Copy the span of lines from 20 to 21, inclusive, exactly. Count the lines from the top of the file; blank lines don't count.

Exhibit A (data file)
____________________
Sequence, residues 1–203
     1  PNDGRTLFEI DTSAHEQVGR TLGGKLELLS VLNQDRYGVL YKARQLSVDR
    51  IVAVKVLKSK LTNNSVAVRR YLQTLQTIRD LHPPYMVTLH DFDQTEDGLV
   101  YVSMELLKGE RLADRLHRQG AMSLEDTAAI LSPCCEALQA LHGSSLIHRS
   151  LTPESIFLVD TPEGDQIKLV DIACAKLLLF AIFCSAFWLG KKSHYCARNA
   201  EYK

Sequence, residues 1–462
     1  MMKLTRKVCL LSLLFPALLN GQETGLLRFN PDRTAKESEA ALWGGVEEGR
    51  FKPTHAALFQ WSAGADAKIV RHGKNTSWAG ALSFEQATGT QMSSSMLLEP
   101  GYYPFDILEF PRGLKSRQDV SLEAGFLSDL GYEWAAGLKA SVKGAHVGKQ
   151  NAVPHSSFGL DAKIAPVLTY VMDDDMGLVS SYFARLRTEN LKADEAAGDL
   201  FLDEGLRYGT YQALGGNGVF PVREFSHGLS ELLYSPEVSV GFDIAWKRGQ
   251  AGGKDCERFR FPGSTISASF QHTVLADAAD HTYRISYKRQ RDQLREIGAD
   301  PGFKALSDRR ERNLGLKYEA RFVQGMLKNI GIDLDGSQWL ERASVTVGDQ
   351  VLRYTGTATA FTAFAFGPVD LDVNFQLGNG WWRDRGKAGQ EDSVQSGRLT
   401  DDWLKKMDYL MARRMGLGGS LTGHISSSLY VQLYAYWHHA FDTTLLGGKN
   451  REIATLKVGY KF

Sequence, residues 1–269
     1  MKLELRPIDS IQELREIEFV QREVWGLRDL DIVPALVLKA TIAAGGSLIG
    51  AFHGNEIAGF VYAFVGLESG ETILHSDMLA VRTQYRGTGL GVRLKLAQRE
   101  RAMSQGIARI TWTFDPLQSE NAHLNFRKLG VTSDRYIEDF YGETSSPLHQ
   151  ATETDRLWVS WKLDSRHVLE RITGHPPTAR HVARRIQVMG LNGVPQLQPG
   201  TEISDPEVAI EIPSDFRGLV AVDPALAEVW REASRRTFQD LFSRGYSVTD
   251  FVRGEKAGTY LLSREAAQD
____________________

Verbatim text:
    51  AFHGNEIAGF VYAFVGLESG ETILHSDMLA VRTQYRGTGL GVRLKLAQRE
   101  RAMSQGIARI TWTFDPLQSE NAHLNFRKLG VTSDRYIEDF YGETSSPLHQ